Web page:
Unlike Abraham and Isaac, this one does not have a happy ending—at least in the conventional sense.
From the time of Abraham, fast forward about 900 years and six books and you will arrive at Judges 11, which recounts another story of a father and his beloved child: the Israelite warrior chief, Jephthah, and his daughter, who is not named.
At this point in the Old Testament we are in the Promised Land but before the era of the kings. Judges recounts a period of instability in ancient Israel—marked by repeated sin and disobedience against God, followed by repentance and redemption. It contains famous characters like Gideon and Samson, plus a ton of others little known today.
In Judges 11 we meet one of them: Jephthah, who, from the get-go, is cast in a negative light. He is described as the “son of a prostitute” who was kicked out of his father’s house in Gilead by his legitimate siblings. Jephthah fled to the land of Tob, another area of ancient Israel that was located east of the Jordan. There he formed a company of raiders with “worthless men.”
But when war breaks out between the Ammonites and Israelite, the Gileadites turn to Jephthah, begging him to lead them into battle. He does—on the promise that he would be made their leader. Jephthah begins behaving more like a respectable military commander, rather than the bandit he seems to have been. He even sends a diplomatic envoy to ask the Ammonites to relent, before going to war with them.
As he enters battle, Jephthah makes a vow to God: “If you deliver the Ammonites into my power, whoever comes out of the doors of my house to meet me when I return from the Ammonites in peace shall belong to the Lord. I shall offer him up as a burnt offering” (Judges 11:30-31).
The Ammonites are decisively defeated. Then Jephthah returns to his home:
When Jephthah returned to his house in Mizpah, it was his daughter who came out to meet him, with tambourine-playing and dancing. She was his only child: he had neither son nor daughter besides her (Judges 11:34).
Jephthah is aghast. Realizing what he has done, he rends his clothes and bemoans the calamity that he has fallen upon his household. His daughter, upon being informed of the apparently ill-conceived vow, mounts no protest. Instead, she asks just one thing—that she and her friends spend two months sojourning in the mountains to mourn her virginity. Permission is granted.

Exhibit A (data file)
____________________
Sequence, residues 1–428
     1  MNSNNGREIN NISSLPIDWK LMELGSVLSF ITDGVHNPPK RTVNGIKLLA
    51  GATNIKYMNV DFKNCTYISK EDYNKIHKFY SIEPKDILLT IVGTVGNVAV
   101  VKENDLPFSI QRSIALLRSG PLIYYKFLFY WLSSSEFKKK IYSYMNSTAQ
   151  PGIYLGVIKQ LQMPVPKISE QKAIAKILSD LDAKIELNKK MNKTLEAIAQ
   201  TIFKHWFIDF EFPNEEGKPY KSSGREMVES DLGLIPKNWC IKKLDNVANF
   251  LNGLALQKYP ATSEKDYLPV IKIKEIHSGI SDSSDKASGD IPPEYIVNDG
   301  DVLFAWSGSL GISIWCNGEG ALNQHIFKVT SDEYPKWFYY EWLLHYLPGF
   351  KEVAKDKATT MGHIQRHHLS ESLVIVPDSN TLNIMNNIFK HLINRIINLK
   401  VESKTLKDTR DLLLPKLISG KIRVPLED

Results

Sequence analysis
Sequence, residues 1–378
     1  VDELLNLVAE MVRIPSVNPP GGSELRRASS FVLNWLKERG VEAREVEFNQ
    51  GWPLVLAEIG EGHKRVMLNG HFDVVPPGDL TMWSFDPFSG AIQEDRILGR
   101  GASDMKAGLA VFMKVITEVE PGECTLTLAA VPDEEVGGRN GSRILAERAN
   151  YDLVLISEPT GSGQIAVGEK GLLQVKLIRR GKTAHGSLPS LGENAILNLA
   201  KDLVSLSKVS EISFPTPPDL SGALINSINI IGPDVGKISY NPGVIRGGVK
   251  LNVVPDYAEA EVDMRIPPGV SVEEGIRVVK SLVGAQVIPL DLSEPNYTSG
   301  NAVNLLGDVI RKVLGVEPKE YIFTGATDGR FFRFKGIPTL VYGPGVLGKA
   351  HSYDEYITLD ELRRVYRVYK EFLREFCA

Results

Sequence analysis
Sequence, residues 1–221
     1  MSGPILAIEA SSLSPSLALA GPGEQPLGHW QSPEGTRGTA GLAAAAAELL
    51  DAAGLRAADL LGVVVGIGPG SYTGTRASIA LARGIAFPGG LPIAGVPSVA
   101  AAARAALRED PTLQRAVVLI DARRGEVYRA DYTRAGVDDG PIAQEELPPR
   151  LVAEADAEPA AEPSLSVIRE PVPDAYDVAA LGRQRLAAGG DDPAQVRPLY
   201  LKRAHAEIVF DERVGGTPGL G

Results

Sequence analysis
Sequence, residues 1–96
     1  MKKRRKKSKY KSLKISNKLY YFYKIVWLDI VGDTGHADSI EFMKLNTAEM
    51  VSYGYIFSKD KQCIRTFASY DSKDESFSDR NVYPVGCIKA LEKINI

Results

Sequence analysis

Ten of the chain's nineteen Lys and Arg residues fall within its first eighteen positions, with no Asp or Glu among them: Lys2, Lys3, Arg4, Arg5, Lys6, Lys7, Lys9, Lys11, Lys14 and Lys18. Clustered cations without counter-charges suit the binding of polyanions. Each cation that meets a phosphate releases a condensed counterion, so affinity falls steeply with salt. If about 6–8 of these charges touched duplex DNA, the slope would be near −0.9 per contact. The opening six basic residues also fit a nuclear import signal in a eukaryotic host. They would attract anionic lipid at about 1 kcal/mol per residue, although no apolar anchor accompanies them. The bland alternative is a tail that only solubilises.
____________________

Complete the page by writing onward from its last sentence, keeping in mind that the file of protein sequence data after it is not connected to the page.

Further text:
Here one might think Jephthah’s daughter takes this opportunity to flee her fate. She doesn’t. Instead, Judges simply reports that, “At the end of the two months she returned to her father, and he did to her as he had vowed” (Judges 11:39).
And there the story ends—no drama of the raised knife, no sacrificial ram serendipitously caught in the thicket, no angelus ex machina telling Jephthah to stop.
This story, needless to say, is both troubling and puzzling.
What is its meaning?
One interpretation—which leans heavily on the broader context of countless instances of disobedience and unfaithfulness in ancient Israel—argues that Jephthah’s vow was a reckless and impious one that ignored the Torah’s ban on child sacrifice.
Given that Jephthah is introduced to us as a disreputable character this fits. True, he seems to have turned a corner and the “spirit of the Lord” had descended upon Jephthah as he headed into battle (Judges 11:29)—but his subsequent vow could be viewed as a lack of trust in that power. The death of his daughter then would be his punishment—a view taken by St. Augustine.
Another way of reading the text is that Jephthah’s daughter was ‘sacrificed’ not in a literal sense but a figurative one: she was consecrated as virgin to God. This interpretation also makes sense of key details of the account: she spent two months ‘mourning’ her virginity and the text reminds us that “she had not had relations with any man” immediately after reporting that Jephthah had made good on his vow.
But there is a third way of understanding this story comes from a fifth century Syriac Christian theologian, Jacob of Sarug. In his view, Jephthah’s daughter was a Christ figure, necessary to foreshadow God’s sacrifice of his only begotten because the sacrifice of other animals insufficiently pointed forward to Christ. Jacob noted other parallels as well: Jephthah, for example, willingly offered herself up and was a virgin, where Christ was the son of the Virgin Mary.
Jacob commented on the passage in a homily that was styled as a poem. He retells her meeting with her father in a poignant and profound account that should reawaken our awareness of Christ’s own sacrifice for us in this Lenten season:
Lovely it was that the offering should speak
in response to the priest who would offer it, lest he shrink back.
Beautiful it was for the sacrifice to speak in reply to the priest,
to show him that without sorrow he should offer it.
Beloved was the argument the mistress of sufferings sang to her father,
while not fearing the knife to which she was betrothed.